History of Black Struggle for Freedom - Paper Example

Paper Type:  Term paper
Pages:  8
Wordcount:  1927 Words
Date:  2021-05-28

The Advent Travails, and Exploits of Blacks in the Early United States.

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The first population to have inhabited the United States of America were the Serbians. Later on, the Indians found their way in the United States to an extent some scientists and writers credited them as the earliest inhibitors. Some inhibitors settled in America in the course of exploring the world, for instance, people from Wales and Asia. Also, colonization was among the other factors leading to the rise of different races in America. Portugal, Spain and other European countries were among the nations scrambling for colonies. However, with the change in global temperatures which marked the last Ice Age, a new ecosystem emerged demanding more production of food to sustain human life. Initially, man relied on hunting, but with the growing population, it meant hunting was no longer sustainable. Farming was the only alternative. However, labor was a primary issue. Initially, servants could provide the necessary workforce, but with time they were replaced by slaves due to numerous challenges they had to endure and the rise of racism. At this instance, a good score of Africans was transported to the United States as the Atlantic slave trade commenced. The increase of blacks population gave rise to the African Americans, which was an ethnic group of Africans with either partial or total ancestral background from Africa.

The Rise of Slavery and Painful Encounters the Blacks had to Endure

As sugar plantations thrived, there was high demand for labor, and the eastern Atlantic slave trade became part of the expansive commerce. In fact, after 1600, the importation of slaves drastically rose such that between 1700 and 1850 more than nine million Africans had entered America as slaves (Davidson, DeLay and Herman 54). However, the blacks faced numerous challenges, and the situation worsened with the change of labor system from servitude to slavery. In the early United States, the major issue faced by blacks was slavery in its different forms. Slavery is the application of property law to human beings. The affected persons were owned, bought and sold in likeness to commodities. Slavery was legally endorsed and in practice in each of the thirteen colonies of the early United States at different times. For example, Massachusetts was the first colony to legalize slavery in 1641 while Northern states actively encouraged black enlistments. By 1619, Africans were in Virginia via Dutch, who was in control of the slave trade until eighteenth century (Davidson, DeLay and Herman 48). During this time all laborers socialized regardless of color and shared the harsh living and working conditions. The first black settlers could communicate with the whites without any hardships and valued the Christian beliefs. There was a consensus that they had earlier settled in the Caribbean before moving to Virginia.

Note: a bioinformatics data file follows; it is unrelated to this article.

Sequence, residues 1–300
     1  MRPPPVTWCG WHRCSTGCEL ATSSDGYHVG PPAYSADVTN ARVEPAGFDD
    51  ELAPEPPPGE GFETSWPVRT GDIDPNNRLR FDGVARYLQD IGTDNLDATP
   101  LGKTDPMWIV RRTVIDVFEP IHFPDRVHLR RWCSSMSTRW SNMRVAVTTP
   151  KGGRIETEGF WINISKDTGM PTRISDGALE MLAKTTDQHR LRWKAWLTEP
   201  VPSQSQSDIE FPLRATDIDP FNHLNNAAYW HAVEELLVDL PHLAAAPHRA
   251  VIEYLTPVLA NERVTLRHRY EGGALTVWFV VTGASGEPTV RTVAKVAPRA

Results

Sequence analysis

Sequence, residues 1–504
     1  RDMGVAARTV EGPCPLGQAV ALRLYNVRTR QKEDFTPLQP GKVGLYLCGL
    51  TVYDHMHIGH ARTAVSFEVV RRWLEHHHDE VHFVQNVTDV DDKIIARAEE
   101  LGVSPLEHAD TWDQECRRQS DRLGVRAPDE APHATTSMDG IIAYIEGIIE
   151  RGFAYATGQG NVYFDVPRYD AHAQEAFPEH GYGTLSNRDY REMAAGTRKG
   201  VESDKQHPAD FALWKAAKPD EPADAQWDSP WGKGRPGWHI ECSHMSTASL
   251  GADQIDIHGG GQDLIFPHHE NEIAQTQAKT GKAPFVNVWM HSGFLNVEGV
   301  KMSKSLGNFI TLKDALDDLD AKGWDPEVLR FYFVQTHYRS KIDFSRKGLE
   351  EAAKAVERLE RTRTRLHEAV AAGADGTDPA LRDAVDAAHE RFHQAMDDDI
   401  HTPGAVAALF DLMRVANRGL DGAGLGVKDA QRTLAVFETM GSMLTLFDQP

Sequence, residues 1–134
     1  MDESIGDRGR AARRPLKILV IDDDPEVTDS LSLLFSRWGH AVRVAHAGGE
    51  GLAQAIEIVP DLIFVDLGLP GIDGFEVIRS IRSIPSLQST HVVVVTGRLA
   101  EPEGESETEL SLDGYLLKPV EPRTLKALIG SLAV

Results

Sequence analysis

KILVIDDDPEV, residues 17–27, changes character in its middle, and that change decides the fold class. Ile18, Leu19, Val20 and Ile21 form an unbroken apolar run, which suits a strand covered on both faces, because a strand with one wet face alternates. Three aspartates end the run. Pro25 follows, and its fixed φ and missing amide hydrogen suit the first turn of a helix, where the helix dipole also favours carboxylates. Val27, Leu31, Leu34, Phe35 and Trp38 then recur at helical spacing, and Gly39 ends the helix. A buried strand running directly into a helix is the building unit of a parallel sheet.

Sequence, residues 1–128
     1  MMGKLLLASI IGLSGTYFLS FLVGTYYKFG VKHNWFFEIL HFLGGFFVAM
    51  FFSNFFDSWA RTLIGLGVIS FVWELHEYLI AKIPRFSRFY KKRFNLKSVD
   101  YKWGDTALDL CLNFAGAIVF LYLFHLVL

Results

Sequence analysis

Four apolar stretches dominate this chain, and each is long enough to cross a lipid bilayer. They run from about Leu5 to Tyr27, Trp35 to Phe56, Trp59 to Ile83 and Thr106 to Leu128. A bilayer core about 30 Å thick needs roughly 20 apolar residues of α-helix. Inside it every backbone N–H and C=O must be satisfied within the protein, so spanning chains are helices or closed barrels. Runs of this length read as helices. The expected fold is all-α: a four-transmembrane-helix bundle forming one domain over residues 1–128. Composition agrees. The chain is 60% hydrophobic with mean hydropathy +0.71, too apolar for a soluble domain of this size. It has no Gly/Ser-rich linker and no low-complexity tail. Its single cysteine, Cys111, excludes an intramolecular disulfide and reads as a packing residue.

The Africa newcomers had a tough time to cope with the alien landscape and had to learn English to communicate with other people. Since they were not the only slaves, they had to adjust their ways of life and acquire tactics to interact with other slaves. Also, their interaction with whites was limited. The blacks were from different African countries, and though the majority of them were from West Africa, they were using different language and had unique cultures. It was a big challenge for a group of about fifty people from various communities to express themselves to each other. Nevertheless, the Native Americans who were in command of English would enjoy some experience dealing with the whites. The other group of slaves had little in common with one another and the Americans. Adapting to this challenge was not an easy task for most of them, and therefore they were limited interaction among the slaves.

The Spreading of Malaria and Other Diseases

With direct shipping of Africans slaves from Africa, some faced health problems before they could adopt to the new environment. Those working at lowlands suffered from malaria as the area was annexed with mosquitos especially during summer (Davidson, DeLay and Herman 55). Cholera and influenza were also communal in these group due to direct contact with water from the irrigation canals. The health of blacks worsened due to malnutrition and unsanitary living condition. Therefore diarrhea, typhoid, and hepatitis were also among the diseases Africans in the United States had to counter. Worst of all mental illness due to stress and mistreatment from their masters was a common phenomenon in the farms. Some of the slaves were the vulnerable groups in Africa, and mentally they were not prepared to face such challenges. Therefore, before they could adapt to the new life in the United States, some suffered from high levels of depression. Also, at times the masters could whip the slaves wounding them as a way of punishing and forcing slaves to continue working.

Death and Mistreatment

After reaching the American ports, those who survived the voyage faced so many challenges to stay alive. The first years was mainly the most dangerous and deadly. Though some had sickle-cell genetic traits which protected them from getting infected with disease especially malaria they suffered from respiratory infections. Due to this and the other illnesses, one-quarter of all Africans died one year after their arrival. In fact, in some states, the mortality rate was much higher than Caribbean and Carolina. Others succumbed to the mistreatment of the whites who saw them as lesser humans due to racial discrimination.

Poor Living Conditions and Racial Segregation